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J. P. V. D. Balsdon, Life and Leisure in Ancient Rome (London, 1969). A classic treatment of the subject with rich documentation from a variety of obscure ancient sources. A. A. Barrett, Agrippina: Sex, Power, and Politics in the Early Empire (New Haven, 1996). The life of one of Roman history’s most powerful and intriguing women is thoroughly investigated. A. Boethius, Etruscan and Early Roman Architecture, 2nd edition (London, 1978). A standard work on the subject. R. Bradley, Discovering the Roman Family (Oxford, 1991). An insightful and stimulating study of the nature of the Roman family unit. ———, Slavery and Society at Rome (Cambridge, 1994). A superlative consideration of the condition of slavery in ancient Rome. L. A. Curchin, The Local Magistrates of Roman Spain (Toronto, 1990). Despite the dry title, the book offers an excellent window onto municipal administration and politics. S. Dixon, The Roman Family (Baltimore, 1992). A thorough introduction to the study of the subject. G. G. Fagan, Bathing in Public in the Roman World (Ann Arbor, 1999). This book approaches the baths as historical, cultural, and social phenomena and so throws light on the daily operation of Roman society. E. Fantham, H. P. Foley, N. B. Kampen, S. B. Pomeroy, H. A. Shapiro, Women in the Classical World (Oxford, 1994). Generally sound survey of the position of women in classical antiquity; the second part focuses on Roman women. M. I. Finley, Ancient Slavery and Modern Ideology (London, 1980). A seminal work in the field, deploying much comparative and theoretical data in approaching ancient slavery.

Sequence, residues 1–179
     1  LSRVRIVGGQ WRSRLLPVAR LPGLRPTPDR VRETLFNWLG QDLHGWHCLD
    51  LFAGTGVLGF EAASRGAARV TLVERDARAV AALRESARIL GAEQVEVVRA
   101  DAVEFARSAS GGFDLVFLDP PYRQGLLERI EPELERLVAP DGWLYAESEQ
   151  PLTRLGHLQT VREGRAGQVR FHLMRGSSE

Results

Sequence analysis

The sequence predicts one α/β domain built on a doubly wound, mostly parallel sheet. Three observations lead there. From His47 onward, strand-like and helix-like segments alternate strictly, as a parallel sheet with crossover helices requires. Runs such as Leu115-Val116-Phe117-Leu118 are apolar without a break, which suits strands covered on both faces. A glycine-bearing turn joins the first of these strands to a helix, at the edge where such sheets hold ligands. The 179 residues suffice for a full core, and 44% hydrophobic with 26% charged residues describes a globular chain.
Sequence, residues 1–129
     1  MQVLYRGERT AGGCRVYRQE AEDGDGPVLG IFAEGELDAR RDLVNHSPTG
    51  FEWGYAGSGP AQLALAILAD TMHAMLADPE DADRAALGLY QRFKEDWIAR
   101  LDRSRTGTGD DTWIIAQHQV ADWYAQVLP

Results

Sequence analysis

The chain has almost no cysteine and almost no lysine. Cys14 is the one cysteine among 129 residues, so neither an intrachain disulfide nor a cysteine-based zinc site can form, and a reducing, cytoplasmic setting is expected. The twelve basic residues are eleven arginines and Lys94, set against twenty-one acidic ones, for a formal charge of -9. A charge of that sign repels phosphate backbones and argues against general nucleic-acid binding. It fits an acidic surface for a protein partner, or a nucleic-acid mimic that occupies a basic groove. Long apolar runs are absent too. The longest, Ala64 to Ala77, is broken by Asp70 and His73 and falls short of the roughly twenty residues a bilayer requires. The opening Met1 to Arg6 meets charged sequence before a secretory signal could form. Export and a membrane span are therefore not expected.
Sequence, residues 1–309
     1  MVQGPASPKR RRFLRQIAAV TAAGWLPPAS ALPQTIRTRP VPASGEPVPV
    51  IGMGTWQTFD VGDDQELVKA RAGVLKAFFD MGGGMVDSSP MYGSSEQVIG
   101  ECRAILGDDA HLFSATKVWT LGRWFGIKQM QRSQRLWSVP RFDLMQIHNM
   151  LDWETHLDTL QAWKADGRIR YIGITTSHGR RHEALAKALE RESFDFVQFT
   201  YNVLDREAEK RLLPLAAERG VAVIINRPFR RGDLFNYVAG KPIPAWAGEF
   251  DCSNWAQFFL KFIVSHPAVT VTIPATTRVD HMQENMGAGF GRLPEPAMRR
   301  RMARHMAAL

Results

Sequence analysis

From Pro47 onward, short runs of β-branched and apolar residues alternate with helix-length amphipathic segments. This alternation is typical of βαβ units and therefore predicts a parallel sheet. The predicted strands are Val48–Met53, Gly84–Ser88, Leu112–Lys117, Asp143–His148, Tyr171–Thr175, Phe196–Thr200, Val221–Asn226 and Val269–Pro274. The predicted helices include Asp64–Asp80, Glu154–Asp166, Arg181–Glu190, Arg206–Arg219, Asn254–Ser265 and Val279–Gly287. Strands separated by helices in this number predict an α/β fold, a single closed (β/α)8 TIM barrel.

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R. L. Fox, Pagans and Christians (New York, 1987). A lengthy study of the Christian conflict with paganism up to the death of Constantine. W. H. C. Frend, The Rise of Christianity (Philadelphia, 1984). A standard, monumental treatment of Christianity’s early history that covers the Jewish background, the life of Jesus, internal Christian disputes, and the conflict with paganism. A. Futrell, Blood in the Arena: The Spectacle of Roman Power (Austin, 1997). A novel treatment of the games as mass human sacrifices reinforcing the reality of Roman power. *P. Garnsey and R. Saller, The Roman Empire: Economy, Society, Culture (Berkeley, 1987). A sane introductory presentation of various aspects of Roman life from two leading scholars. D. G. Kyle, Spectacles of Death in Ancient Rome (London, 1998). Rejecting the rebirth interpretation of the games (see under Wiedemann, below), this fascinating and often gruesome study highlights the scale of death and suffering in the arena as ritualized maintenance of the social and religious order. A. Lintott, Imperium Romanum: Politics and Administration (London, 1993). Survey of the administration of the Roman state and empire. R. MacMullen, Paganism in the Roman Empire (New Haven, 1981). An excellent introduction to the main principles and practices of paganism.

Bibliography

———, Roman Social Relations, 50 B.C. to A.D. 284 (New Haven, 1984). A thoughtful and well-written assessment of the life of the much-neglected Roman lower classes. R. M. Ogilvie, The Romans and Their Gods (London, 1969). An elegantly concise and masterful portrait of Roman paganism.